How long is the itinerary of your Honeymoon ?  - I doubt anyone here ( myself included ) are questioning the necessity of having to visit the self service laundry ( I certainly do my self - it's another bottle  of wine in the evenings 😉)  If you are comfortable with Ducking and Diving under a Washing line in your stateroom -  then each to their own . 

Don't worry, my unmentionables won't make a debut on the balcony!

Link to comment
Share on other sites

1 hour ago, abdullahhoneymoon said:

I can't dry cotton clothing without risking not fitting in them for the remainder of the trip

You are aware that it is a known fact that the sea air shrinks clothes when on a cruise.😇

  • Haha 1
Link to comment
Share on other sites

17 hours ago, abdullahhoneymoon said:

Yes of those I am aware, my only issue is I can't dry cotton clothing without risking not fitting in them for the remainder of the trip... LOL. I do plan to use the facilities myself to wash the clothes.

I agree with hanging clothes. I bought a nice Barbour polo shirt last year and it shrunk immediately while in the dryer onboard (even at low). And no, the sea air didn’t affect my weight on that crossing…

  • Haha 1
Link to comment
Share on other sites

18 hours ago, abdullahhoneymoon said:

As I mentioned in the post, the clothing line in the bathroom seems small, and poorly ventilated, I might add. I fully intend to wash and hang dry clothing, since I can't afford to send every single garment to be individually laundered properly, and cotton clothing shrinks in the dryer. So yes, I am serious. I don't think anyone would choose to do laundry on their honeymoon unless they had to!

 

I wear a lot of cotton and it doesn't shrink because I'm careful in how I use a dryer. Queen Anne's dryers are new and modern. You can use a low heat setting. They have sensor settings in addition to the traditional time settings. You can set it for "less dry" and your clothes will be slightly damp. They will finish drying on the line in the bathroom--leave the shower door open. For tees or polos, take them out of the dryer and immediately put them on hangers--I use the plastic-hangers from my garment bag. If it doesn't all fit on the line, the hangers will go on the closet doorknobs. If you time the dryer right, the clothes will be close enough to dry that they'll be ready to put away in an hour or two.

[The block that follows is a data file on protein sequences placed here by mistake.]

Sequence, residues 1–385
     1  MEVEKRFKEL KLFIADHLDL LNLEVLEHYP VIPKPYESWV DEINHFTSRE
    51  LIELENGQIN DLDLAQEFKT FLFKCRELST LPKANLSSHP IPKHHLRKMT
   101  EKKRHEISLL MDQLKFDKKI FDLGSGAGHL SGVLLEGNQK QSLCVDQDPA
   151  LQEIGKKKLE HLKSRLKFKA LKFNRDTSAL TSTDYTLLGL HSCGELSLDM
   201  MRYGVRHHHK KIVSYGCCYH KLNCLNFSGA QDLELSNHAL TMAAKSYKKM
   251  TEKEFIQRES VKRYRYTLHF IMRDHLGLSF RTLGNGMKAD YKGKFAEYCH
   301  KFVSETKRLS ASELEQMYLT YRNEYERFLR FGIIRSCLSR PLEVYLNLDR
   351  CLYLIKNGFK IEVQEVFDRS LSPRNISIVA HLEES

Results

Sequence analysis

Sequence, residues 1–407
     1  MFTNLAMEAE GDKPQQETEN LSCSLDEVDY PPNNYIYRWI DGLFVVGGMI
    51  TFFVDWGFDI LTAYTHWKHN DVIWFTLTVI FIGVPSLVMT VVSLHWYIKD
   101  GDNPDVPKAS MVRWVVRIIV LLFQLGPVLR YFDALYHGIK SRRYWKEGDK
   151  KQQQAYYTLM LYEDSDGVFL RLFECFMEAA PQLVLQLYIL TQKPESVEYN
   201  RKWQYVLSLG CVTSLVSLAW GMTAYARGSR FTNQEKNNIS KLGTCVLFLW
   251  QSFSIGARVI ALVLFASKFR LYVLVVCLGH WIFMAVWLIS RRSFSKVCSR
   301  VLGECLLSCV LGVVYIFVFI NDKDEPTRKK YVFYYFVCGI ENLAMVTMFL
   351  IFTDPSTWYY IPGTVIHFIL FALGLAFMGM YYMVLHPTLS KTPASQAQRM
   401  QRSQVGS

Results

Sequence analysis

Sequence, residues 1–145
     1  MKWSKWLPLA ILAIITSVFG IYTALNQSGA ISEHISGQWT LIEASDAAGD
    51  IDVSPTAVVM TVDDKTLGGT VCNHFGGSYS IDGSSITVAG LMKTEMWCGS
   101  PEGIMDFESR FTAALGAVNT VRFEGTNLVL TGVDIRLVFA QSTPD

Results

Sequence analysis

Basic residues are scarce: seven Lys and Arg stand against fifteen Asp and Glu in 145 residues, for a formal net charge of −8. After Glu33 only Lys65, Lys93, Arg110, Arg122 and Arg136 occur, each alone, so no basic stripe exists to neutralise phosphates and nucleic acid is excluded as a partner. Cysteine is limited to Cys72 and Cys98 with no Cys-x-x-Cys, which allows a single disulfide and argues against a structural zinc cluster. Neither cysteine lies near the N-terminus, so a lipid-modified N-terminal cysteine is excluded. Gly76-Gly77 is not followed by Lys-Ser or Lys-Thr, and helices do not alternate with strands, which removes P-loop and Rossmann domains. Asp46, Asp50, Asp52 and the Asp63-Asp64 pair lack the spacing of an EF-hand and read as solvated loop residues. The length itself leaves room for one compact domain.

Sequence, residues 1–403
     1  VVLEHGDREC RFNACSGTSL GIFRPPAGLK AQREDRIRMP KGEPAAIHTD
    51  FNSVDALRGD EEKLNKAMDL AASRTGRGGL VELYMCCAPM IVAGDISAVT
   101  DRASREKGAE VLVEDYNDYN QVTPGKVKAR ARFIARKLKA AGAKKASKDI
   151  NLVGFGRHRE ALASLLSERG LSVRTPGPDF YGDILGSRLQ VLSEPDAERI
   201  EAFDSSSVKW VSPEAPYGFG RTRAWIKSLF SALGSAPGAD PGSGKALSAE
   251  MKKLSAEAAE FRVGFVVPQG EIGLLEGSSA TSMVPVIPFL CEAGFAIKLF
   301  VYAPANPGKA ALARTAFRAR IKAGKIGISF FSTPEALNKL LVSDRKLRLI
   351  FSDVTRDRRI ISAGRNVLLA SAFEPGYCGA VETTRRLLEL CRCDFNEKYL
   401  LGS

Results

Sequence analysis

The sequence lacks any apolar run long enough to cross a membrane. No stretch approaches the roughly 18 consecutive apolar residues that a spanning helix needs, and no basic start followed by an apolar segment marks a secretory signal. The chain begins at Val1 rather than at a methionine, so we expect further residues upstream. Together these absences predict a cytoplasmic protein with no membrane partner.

One caution about the dryers. You can walk away from a washer because the door locks during the cycle. But you should hang around while the clothes are in the dryer. People open the dryer door to see if the clothing in it is done and then they don't restart it. Then your clothes sit in a damp heap. 

  • Like 2
Link to comment
Share on other sites

The washers and dryers on Annie are totally different from her sisters' facilities.

 

Digital and Diva'ish ['break down' every day but luckily are re programmed within an hour or two] with loads of programmes.

 

My suggestion was a simple 'this is what the symbols mean' laminated sheet. Then folk wouldn't do a full wash for over an hour when a quick 20 min wash is sufficient or use the low heat dryer programme and wonder why their clothes aren't dry.

 

When used proficiently, they are a great improvement on QV/QEs facilities.

 

 

 

 

Link to comment
Share on other sites

4 hours ago, NE John said:

I agree with hanging clothes. I bought a nice Barbour polo shirt last year and it shrunk immediately while in the dryer onboard (even at low). And no, the sea air didn’t affect my weight on that crossing…

I dry my husband's polo shirts [Lacoste piqué knit] in the passenger laundrette dryer in preference to ship's laundry, take them out when still slightly damp, pull them back into full shape and hang them in a bathroom to finish. Works fine. 🙂

  • Thanks 1
Link to comment
Share on other sites

37 minutes ago, Victoria2 said:

pull them back into full shape

That’s the missing piece! Thank you. I’m the chief ironer of the household. 
We have 10 days onboard and three nights beforehand in Vancouver so we gotta do some laundry. For better or worse, our Q4 is very close to the launderette on 7. 

Link to comment
Share on other sites

Please sign in to comment

You will be able to leave a comment after signing in



Sign In Now
 Share

  • Forum Jump
    • Categories
      • Welcome to Cruise Critic
      • Special Event: Q&A with Laura Hodges Bethge, President Celebrity Cruises
      • Hurricane Zone 2024
      • Cruise Insurance Q&A w/ Steve Dasseos of Tripinsurancestore.com Summer 2024
      • New Cruisers
      • Cruise Lines “A – O”
      • Cruise Lines “P – Z”
      • River Cruising
      • ROLL CALLS
      • Cruise Critic News & Features
      • Digital Photography & Cruise Technology
      • Special Interest Cruising
      • Cruise Discussion Topics
      • UK Cruising
      • Australia & New Zealand Cruisers
      • Canadian Cruisers
      • North American Homeports
      • Ports of Call
      • Cruise Conversations
×
×
  • Create New...